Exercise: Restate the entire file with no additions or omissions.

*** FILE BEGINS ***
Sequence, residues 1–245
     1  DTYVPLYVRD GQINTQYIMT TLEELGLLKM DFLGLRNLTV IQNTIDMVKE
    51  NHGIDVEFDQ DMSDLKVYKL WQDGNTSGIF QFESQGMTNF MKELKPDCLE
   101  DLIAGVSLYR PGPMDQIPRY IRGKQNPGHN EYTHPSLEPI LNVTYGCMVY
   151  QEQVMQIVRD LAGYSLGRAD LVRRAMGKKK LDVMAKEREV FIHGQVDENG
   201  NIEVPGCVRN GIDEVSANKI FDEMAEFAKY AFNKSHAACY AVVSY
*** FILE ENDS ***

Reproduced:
Sequence, residues 1–245
     1  DTYVPLYVRD GQINTQYIMT TLEELGLLKM DFLGLRNLTV IQNTIDMVKE
    51  NHGIDVEFDQ DMSDLKVYKL WQDGNTSGIF QFESQGMTNF MKELKPDCLE
   101  DLIAGVSLYR PGPMDQIPRY IRGKQNPGHN EYTHPSLEPI LNVTYGCMVY
   151  QEQVMQIVRD LAGYSLGRAD LVRRAMGKKK LDVMAKEREV FIHGQVDENG
   201  NIEVPGCVRN GIDEVSANKI FDEMAEFAKY AFNKSHAACY AVVSY